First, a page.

In a papal document entitled Munificentissimus Deus (“The most bountiful God”) released in late 1950, Pope Pius XII declared, ex cathedra (infallibly), the doctrine of the Assumption of Blessed Mother Mary: “We proclaim and define it to be a dogma revealed by God that the Immaculate Mother of God, Mary ever-virgin, when the course of her earthly life was finished, was taken up, body and soul, into the glory of heaven.”
As we celebrate the annual Feast of the Assumption of Mary, we ponder the end of her life here on earth. Like many matters of faith, what happened to her then remains a mystery. A few years ago, the German author and biblical scholar, Michael Hesemann, published a book entitled Mary of Nazareth: History, Archaeology, Legend that shed light on numerous aspects of her human existence. His story mixes unverified legends and traditions with archaeological findings and historical data to enlighten us. Among the intelligence we learn from him, and others, is that Mary was born about nineteen years before the current era. Some historians are convinced that she died in the year 42 (current era), though others contend that it was six years later. But some religious orders are certain, through visionaries and revelation to sainted members of their community, that her age when her life ended was not sixty-one or even sixty-seven, but seventy-two; some rosaries are even made with seventy-two Ave Maria beads to commemorate each year. Obviously, we do not know which speculation, if any, is accurate.
We also do not know from where Mary departed earth after she breathed her last. Both Mount Zion in Jerusalem and Ephesus in modern-day Turkey claim to house the spot of her departure. Each has built and venerates a Church of the Dormition to commemorate the designated holy location. Again, we don’t know which is true. In the United States, most of us refer to this feast as The Assumption, but many around the globe call it The Dormition. Either is correct because they both refer to Mary’s transitus, or passage from this life to eternal life, but they have different emphasis. The latter emphasizes Mary’s final submission to God and resting in peace; the former emphasizes that her earthly body was taken to heaven with her divine soul. Pius is shrewd not to clarify whether Mary actually died or if she was taken away before she experienced dying. It probably doesn’t matter what was her age, the place from which she took leave of earth, or whether she fell asleep to make her last fiat or stood upright as she was assumed; what matters is that, after she had completed all she was here on earth to do, she offered herself to God in total surrender as she had done at the Annunciation and at every step thenceforth.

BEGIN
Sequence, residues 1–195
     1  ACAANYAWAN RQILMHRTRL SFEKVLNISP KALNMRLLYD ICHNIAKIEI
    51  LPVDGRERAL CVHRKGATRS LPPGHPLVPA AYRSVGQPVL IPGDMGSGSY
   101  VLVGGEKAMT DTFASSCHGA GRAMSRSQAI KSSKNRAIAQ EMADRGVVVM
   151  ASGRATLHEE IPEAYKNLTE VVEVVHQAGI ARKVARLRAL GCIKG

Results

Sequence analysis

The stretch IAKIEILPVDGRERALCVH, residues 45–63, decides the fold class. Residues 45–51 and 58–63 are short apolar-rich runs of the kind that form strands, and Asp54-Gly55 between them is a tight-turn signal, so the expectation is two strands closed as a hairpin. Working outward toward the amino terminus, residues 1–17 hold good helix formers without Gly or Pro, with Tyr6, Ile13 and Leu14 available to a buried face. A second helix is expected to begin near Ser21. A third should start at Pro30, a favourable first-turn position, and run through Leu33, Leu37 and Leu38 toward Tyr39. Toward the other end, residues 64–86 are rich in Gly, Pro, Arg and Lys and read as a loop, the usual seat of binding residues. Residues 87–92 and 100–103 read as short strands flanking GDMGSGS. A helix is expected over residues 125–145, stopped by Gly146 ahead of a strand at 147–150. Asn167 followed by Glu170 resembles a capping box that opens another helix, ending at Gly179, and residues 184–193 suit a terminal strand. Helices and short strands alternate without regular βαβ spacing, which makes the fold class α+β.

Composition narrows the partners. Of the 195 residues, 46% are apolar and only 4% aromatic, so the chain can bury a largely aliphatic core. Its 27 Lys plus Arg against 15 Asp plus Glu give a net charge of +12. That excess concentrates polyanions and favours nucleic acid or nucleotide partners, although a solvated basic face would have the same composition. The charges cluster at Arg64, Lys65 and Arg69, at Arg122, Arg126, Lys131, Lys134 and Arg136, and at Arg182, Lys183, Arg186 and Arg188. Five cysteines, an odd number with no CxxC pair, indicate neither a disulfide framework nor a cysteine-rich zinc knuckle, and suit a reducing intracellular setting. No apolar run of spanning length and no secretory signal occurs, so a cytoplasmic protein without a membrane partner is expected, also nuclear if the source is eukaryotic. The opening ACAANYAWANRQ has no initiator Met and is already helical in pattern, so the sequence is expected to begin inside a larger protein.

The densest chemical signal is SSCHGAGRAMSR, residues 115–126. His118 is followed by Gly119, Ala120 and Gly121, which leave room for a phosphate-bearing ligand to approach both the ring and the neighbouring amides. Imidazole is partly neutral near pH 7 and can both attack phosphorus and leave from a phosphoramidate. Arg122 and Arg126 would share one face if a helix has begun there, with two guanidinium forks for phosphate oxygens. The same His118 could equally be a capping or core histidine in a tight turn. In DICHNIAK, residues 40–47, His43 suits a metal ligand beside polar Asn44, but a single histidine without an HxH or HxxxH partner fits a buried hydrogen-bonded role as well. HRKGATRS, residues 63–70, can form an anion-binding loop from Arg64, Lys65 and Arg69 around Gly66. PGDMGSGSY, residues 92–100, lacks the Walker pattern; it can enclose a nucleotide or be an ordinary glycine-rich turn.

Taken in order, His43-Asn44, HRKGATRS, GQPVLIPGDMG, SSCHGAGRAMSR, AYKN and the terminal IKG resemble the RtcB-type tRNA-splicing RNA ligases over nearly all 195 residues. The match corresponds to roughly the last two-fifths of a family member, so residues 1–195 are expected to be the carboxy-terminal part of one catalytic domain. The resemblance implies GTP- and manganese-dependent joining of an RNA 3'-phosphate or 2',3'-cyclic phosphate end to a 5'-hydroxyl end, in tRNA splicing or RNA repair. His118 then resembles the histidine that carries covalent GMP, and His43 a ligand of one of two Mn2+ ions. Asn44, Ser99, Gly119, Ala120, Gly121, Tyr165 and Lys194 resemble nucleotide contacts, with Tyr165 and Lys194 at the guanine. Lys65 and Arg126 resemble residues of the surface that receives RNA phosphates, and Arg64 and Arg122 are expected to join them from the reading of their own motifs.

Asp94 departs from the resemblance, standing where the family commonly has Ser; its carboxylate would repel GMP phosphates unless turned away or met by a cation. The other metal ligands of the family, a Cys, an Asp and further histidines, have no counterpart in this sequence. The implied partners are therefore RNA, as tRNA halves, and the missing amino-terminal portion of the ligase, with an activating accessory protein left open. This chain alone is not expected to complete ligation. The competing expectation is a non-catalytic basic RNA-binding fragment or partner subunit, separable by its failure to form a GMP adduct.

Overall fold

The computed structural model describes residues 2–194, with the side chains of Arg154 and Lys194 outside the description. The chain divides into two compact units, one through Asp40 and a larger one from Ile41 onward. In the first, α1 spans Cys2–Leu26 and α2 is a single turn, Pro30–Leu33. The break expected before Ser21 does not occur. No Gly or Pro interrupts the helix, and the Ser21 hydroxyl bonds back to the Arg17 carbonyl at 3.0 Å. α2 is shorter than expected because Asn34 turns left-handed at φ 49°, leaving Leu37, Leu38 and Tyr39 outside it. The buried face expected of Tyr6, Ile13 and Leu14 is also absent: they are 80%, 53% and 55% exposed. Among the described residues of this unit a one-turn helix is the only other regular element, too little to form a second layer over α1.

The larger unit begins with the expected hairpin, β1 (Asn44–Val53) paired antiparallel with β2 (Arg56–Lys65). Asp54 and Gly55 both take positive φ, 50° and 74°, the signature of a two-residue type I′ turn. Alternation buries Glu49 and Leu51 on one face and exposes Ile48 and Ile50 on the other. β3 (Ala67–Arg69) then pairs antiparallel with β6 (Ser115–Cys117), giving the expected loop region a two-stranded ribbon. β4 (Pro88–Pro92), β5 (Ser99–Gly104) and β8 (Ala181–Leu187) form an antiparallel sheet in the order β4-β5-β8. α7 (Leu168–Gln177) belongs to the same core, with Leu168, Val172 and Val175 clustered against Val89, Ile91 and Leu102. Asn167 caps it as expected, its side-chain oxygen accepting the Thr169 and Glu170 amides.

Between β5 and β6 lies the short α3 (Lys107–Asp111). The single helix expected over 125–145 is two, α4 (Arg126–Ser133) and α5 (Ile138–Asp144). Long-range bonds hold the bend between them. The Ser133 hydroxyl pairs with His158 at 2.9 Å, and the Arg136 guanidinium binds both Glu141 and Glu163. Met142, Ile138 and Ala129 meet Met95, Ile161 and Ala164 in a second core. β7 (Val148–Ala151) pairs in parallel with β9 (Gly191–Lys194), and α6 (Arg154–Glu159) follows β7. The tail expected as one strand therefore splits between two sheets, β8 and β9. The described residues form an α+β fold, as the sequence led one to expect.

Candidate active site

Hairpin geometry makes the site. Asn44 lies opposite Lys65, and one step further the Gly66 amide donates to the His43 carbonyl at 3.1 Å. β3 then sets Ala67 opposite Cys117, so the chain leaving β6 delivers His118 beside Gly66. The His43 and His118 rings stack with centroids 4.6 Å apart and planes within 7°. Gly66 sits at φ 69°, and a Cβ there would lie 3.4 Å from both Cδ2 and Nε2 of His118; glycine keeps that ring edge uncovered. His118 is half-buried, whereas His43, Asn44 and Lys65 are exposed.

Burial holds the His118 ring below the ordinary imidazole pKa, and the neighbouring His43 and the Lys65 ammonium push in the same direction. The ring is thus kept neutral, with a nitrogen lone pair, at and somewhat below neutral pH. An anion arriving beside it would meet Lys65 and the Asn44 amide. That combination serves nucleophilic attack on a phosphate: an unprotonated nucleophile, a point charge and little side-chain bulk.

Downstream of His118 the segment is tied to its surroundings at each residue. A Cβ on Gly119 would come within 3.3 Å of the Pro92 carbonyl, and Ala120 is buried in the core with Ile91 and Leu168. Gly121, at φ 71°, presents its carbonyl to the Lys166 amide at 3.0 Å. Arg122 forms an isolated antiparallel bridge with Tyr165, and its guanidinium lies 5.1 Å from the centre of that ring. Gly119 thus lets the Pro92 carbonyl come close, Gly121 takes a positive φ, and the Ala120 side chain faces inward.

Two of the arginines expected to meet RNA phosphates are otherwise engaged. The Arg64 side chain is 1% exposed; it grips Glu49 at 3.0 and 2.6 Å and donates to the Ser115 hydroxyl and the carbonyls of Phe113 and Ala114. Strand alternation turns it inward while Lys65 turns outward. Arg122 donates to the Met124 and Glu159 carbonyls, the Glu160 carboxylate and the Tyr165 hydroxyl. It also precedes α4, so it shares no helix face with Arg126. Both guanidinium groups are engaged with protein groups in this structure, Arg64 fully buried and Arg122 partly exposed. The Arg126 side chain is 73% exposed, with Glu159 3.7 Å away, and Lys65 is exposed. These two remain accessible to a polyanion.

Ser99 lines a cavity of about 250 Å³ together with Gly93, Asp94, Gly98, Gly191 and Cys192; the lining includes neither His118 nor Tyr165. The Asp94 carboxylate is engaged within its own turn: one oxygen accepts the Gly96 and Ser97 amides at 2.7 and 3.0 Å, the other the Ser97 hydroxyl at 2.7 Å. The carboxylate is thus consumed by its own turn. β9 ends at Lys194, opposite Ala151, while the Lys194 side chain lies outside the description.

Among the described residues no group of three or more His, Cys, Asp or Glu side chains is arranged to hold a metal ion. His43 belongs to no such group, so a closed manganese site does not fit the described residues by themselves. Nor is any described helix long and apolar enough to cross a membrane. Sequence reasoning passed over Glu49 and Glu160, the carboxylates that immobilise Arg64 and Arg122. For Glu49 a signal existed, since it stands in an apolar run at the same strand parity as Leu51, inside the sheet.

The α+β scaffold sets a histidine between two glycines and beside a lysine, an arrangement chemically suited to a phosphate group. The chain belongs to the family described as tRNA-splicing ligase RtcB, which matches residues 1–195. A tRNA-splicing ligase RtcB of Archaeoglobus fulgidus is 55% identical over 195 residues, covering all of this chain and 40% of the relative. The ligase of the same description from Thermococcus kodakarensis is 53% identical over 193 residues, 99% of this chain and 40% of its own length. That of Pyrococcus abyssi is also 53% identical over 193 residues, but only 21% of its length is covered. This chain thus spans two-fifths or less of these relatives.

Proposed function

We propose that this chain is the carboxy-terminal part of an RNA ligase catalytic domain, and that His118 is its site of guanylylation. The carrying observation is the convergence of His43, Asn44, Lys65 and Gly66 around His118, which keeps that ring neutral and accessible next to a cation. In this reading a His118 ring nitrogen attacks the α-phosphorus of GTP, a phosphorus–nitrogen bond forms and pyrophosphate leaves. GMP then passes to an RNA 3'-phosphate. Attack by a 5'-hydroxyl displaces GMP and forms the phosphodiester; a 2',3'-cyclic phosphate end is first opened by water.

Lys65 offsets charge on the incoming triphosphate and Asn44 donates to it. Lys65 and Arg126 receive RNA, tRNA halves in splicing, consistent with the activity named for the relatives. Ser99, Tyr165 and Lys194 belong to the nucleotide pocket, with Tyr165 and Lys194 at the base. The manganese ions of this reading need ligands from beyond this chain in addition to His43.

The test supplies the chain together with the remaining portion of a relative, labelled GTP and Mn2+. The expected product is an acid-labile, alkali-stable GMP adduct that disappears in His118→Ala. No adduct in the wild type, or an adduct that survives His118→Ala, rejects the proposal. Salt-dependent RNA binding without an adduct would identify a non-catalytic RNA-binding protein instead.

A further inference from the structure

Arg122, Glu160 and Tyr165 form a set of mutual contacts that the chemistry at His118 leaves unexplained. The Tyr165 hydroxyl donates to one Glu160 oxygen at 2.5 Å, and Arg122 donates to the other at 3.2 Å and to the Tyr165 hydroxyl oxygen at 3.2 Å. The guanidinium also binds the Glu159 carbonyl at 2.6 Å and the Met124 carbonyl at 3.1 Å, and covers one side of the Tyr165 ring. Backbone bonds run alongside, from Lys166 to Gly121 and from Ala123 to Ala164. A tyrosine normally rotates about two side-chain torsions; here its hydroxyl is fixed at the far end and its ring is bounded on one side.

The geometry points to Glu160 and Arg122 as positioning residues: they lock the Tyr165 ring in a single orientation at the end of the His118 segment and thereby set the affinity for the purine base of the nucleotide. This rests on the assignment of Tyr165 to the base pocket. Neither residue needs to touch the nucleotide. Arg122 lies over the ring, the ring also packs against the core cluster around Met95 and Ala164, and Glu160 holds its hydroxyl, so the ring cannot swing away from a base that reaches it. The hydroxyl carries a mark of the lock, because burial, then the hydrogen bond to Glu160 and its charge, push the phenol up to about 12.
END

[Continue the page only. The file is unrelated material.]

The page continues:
Hesemann retells one of the most popular versions of how her final days unfolded. According to the legend, Mary was consumed by a desire to see her Son again when an angel appeared bringing her a palm branch from paradise and announced that in three days, she would be taken away to heaven to be reunited with Him. She summoned the Apostles, as well as some relatives and friends, to bid them farewell. She took a bath, put on new clothes, and lied down on a couch. The Beloved Disciple asked permission to prepare her for burial. With many gathered, praying and singing, Jesus appeared in radiant light, surrounded by a host of angels and took Mary’s soul into heaven. Then three ladies washed and dressed her body before the disciples carried it to her tomb, led by the heavenly branch. They laid her body in the Valley of Josaphat and closed the tomb, then remained there for three days of prayer. On the third day, Jesus, with a host of angels, appeared again; one of the angels removed the stone from her tomb as the others carried her to paradise.
It’s a fantastic story—one which I hope helps us ready ourselves for the end of earthly life and strengthens our trust that Christ will take us home, too.